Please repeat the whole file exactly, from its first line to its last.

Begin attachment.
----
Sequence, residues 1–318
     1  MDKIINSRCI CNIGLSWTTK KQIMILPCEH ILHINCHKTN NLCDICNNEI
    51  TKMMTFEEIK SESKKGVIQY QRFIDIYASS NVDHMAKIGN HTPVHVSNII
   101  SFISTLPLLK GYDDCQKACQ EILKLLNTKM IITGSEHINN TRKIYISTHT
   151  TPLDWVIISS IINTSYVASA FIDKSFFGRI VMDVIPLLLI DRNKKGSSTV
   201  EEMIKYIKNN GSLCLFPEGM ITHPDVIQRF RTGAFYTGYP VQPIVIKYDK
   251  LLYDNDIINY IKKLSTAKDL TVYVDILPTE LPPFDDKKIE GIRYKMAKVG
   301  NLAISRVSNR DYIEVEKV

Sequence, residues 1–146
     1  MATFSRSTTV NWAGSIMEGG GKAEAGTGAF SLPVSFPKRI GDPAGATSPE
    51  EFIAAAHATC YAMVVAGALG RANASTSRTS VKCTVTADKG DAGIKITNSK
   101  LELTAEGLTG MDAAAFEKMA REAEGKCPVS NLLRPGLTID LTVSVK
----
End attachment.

Sequence, residues 1–318
     1  MDKIINSRCI CNIGLSWTTK KQIMILPCEH ILHINCHKTN NLCDICNNEI
    51  TKMMTFEEIK SESKKGVIQY QRFIDIYASS NVDHMAKIGN HTPVHVSNII
   101  SFISTLPLLK GYDDCQKACQ EILKLLNTKM IITGSEHINN TRKIYISTHT
   151  TPLDWVIISS IINTSYVASA FIDKSFFGRI VMDVIPLLLI DRNKKGSSTV
   201  EEMIKYIKNN GSLCLFPEGM ITHPDVIQRF RTGAFYTGYP VQPIVIKYDK
   251  LLYDNDIINY IKKLSTAKDL TVYVDILPTE LPPFDDKKIE GIRYKMAKVG
   301  NLAISRVSNR DYIEVEKV

Sequence, residues 1–146
     1  MATFSRSTTV NWAGSIMEGG GKAEAGTGAF SLPVSFPKRI GDPAGATSPE
    51  EFIAAAHATC YAMVVAGALG RANASTSRTS VKCTVTADKG DAGIKITNSK
   101  LELTAEGLTG MDAAAFEKMA REAEGKCPVS NLLRPGLTID LTVSVK